quote:
Originally posted by pip5255

personally I believe that every gun fires differently so I load several loads differently until I find what the gun likes best and my goal is same hole hits and when it happens that is the permanent load for that gun, the rest is all you.



and H 1000 is also a good test powder for 300 win mag caliber and 180 gr bullet for best hunting rifle accuracy of around 1 inch groups or better at 100 yards.

and I would not fart around starting at reduced loads for a 300 win mag, I would load and test. You might be surprised how accurate your gun is straight out of the box if YOU can stand the recoil and do your part.
AND
keep in mind you can use your old HV brass for Low velocity loads and it will last forever at 30/30 velocities using 5744 powder.

Very accurate and good for deer hunting out to 150 yards or so at 30/30 velocities and low recoil for Youths, Nancy's and Pansies using a magnum caliber gun.
(and moving the 5744 powder charge up and down sometimes the scope does not even have to be re-adjusted at 100 yards to be on target for both the HV and LV load and sometimes the LV load will actually group just little bit higher than the HV load at 100 yards. You sometimes get a pleasant surprise about such group accuracy of two powders being the same at 100 yards with no scope adjust required.

Edited by - Okie743 on 11/14/2017 7:26:47 PM
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Mobuck
Advanced Member

10190 Posts

Posted - 12/05/2017 :  07:20:41 AM  Show Profile  Reply with Quote
First, I wouldn't start off with the most expensive bullets on the market--leave those for later when the bore is smoothed out.
Second, "working up a load with new brass" may be a troublesome undertaking. Are you going to continue using "new brass" for ALL your loads?
I used to load quite a bit of 7mm Rem mag ammo and really didn't see a disadvantage to using Remington brass. Seeing that NORMA on the case head is nice BUT unless you practice some careful loading techniques, it won't last much longer than Remington.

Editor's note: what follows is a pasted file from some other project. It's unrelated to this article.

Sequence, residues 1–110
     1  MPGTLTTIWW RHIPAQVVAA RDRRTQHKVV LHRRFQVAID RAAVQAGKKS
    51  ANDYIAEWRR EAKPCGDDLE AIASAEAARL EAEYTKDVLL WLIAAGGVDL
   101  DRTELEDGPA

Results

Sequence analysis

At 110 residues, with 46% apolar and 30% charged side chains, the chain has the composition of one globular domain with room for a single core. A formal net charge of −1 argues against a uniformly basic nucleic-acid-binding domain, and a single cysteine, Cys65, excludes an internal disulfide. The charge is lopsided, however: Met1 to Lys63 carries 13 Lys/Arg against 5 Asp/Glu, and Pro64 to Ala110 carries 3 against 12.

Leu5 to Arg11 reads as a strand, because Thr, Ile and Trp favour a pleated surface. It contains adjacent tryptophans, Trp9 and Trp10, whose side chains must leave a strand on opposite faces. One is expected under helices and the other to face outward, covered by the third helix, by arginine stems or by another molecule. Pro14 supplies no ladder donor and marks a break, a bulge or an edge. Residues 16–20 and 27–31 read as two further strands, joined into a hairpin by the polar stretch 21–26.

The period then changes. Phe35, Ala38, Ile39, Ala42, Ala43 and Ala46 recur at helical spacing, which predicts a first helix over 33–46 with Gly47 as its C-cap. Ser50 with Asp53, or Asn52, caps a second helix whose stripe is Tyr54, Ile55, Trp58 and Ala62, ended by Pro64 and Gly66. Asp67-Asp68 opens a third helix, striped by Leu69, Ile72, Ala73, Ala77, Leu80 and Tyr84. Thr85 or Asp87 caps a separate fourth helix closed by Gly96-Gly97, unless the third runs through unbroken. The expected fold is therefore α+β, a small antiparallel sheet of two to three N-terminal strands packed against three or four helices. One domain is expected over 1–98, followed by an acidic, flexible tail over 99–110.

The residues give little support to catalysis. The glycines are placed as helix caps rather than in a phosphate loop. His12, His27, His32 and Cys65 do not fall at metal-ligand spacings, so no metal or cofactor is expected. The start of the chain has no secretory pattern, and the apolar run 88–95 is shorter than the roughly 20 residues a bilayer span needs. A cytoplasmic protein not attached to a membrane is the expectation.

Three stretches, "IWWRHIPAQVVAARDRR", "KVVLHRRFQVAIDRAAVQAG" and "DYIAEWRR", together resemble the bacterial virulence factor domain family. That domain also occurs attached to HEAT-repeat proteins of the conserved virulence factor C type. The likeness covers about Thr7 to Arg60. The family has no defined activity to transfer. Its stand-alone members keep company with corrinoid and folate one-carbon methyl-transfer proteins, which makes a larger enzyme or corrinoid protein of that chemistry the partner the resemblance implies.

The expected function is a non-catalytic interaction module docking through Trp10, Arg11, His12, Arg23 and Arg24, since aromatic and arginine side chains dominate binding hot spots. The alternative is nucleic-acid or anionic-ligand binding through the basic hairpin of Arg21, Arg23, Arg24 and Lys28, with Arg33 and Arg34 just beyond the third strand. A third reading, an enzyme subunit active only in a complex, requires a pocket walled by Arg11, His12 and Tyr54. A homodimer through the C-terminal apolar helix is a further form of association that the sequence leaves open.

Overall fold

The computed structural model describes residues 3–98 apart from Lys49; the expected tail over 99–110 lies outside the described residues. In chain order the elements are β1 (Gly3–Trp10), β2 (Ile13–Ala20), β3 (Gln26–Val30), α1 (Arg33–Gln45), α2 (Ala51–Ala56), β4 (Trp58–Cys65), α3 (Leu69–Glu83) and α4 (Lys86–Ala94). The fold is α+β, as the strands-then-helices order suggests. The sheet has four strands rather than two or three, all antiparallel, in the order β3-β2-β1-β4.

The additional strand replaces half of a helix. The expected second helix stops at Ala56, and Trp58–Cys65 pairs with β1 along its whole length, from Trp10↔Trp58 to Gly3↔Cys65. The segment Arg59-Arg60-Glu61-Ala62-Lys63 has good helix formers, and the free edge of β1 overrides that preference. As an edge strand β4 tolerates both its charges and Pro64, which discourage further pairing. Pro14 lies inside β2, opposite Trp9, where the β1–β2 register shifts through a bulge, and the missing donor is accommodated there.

Mobuck<BR>
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nononsense
Moderator

9963 Posts

Posted - 12/05/2017 :  12:59:00 PM  Show Profile  Reply with Quote
toad67,

I'm busy trying to help take care of my mother but I wanted to offer a little more encouragement for your project:

If this is a new factory barrel, check the inside with a borescope to see the condition of the bore and grooves. This determines the process of breaking in rather than just trying to follow standardized rules. Reason? Bartlein barrels usually require about 10 - 15 shots to be completely broken in. Standardized break in procedures often call for many more but they are working with factory or lower level production barrels.

Your choices of brass and the fact that this is a hunting rifle do not require sorting. All you need to do is keep the Remington separate from the Norma and keep the number of times fired, recorded.

I suggest using the Core-Lokts for the break in but be advised that these bullets do perform quite well on game. I use Bore Tech Eliminator or Butch's Bore Shine for cleaning. The Barnes bullets, being solids will have a different load than the cup and core bullets. You do not necessarily need 'reduced loads' but simply some that are recommended by powder and bullet manufacturers. Use the 215 primers.

Remember that you do not have to stick with the first accuracy node you discover since performance other than accuracy will be mediocre. There are always other accuracy nodes above those first couple. These will yield greater velocity and energy with excellent accuracy. Strive to achieve the best then take the rifle hunting!

Best.








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Okie743
Senior Member

USA
1422 Posts

Posted - 12/13/2017 :  06:45:32 AM  Show Profile  Reply with Quote
quote:
Originally posted by Mobuck

First, I wouldn't start off with the most expensive bullets on the market--leave those for later when the bore is smoothed out.
Second, "working up a load with new brass" may be a troublesome undertaking. Are you going to continue using "new brass" for ALL your loads?
I used to load quite a bit of 7mm Rem mag ammo and really didn't see a disadvantage to using Remington brass. Seeing that NORMA on the case head is nice BUT unless you practice some careful loading techniques, it won't last much longer than Remington.



Good info here to save you from shooting $'s at paper. (magnums rifles get's expensive when shooting at paper targets, especially if the rifle's accuracy is not up to par and you are shooing premium bullets.

I've suggested the same about not shooting high priced premium HUNTING bullets at paper targets when FIRST testing a hunting rifle for accuracy. I have found that high priced premium hunting bullets like Nosler, Hornady plus others usually do not shoot as good a group as flat based spritzer type bullets. (because they are not designed as
silhouette bullets, they are hunting bullets)

Edited by - Okie743 on 12/16/2017 08:46:31 AM